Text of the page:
Tuesday, October 5, 2010

Around ten years ago I was hired by Capilano University (then College) to teach in what they were calling the Writing Practices Program, “a tonic,” as instructor Ryan Knighton put it, to the "success-oriented" college and university creative writing programs proliferating across Canada and the United States.

There were ten of us, a group that included George Bowering, Stan Persky, Lisa Robertson, George Stanley, Sharon Thesen and myself, and approximately twenty students. The idea was that each of us would devise a three week mini-course and at the end of the day the students would know more about writing.

Problem was, the program had advertised manuscript evaluation, something none of us were prepared for. By the time my turn came, after Christmas, the students were ready to revolt. In fairness, I allowed them to vote on the exercise approach, based on my laboured-over custom courseware package, or manuscript evaluation. The result was overwhelmingly the latter.

So now I was faced with forty one-on-one, before-and-after meetings, and a thousand pages of reading. But it wasn’t so bad. In fact, I learned a lot.

Many of the students were older, with specific stories in mind. I helped them as best I could. Of the younger students, all three were promising and continue to write. Lindsay Diehl has just completed a Masters in Creative Writing at UBC Okangan and is a regular contributor to Geist Magazine; Camilla Pickard, the most Ondaatjian of the group, is closing in on a novel-length manuscript; and Justin Lukyn, whose Program-era manuscript showed Melvillian tendencies, self-published an intriguing suite of poems entitled Henry Pepper, which was reissued by New Star Books in 2008.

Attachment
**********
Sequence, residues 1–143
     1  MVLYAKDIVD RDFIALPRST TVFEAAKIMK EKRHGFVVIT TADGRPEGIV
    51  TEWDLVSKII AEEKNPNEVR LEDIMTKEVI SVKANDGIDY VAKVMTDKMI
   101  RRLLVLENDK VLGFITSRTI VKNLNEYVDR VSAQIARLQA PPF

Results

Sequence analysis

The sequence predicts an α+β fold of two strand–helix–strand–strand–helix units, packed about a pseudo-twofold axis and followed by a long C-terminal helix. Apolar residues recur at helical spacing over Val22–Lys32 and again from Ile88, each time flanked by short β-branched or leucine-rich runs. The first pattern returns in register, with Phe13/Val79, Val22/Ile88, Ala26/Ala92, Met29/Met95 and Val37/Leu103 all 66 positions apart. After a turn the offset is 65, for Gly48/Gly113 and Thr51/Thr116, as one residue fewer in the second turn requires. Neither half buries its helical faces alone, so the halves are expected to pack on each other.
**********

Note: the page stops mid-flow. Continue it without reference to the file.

Henry Pepper employs a spatial conceit based on the telephone poles and garbage bins that line the alleys between Strathcona’s Clark Drive and Gore Street. These are tight little poems, carefully wrought, mostly in single stanza blocks -- like the blocks between Clark and Gore. Pepper patrols these alleys, watching, following, shrinking and hiding.

This is a book I recommend to anyone interested in a poetry that comes out of the ordered nowheres many of us take for granted – and rarely see as sites of creative expression.

Here is one of them:


From on top of the Heatley hill
he looks out beyond the city limits
to Burnaby. Henry Pepper has a
Burnaby heart. In his left rib cage
there is a ticking, nondescript
municipality. The heart of Burnaby.
Up and down the alley hills, he who
hates to move, who only likes to
stand in puddles, passes like other
alley people through the telephone
pole structures entirely dominated
by thoughts of Burnaby.

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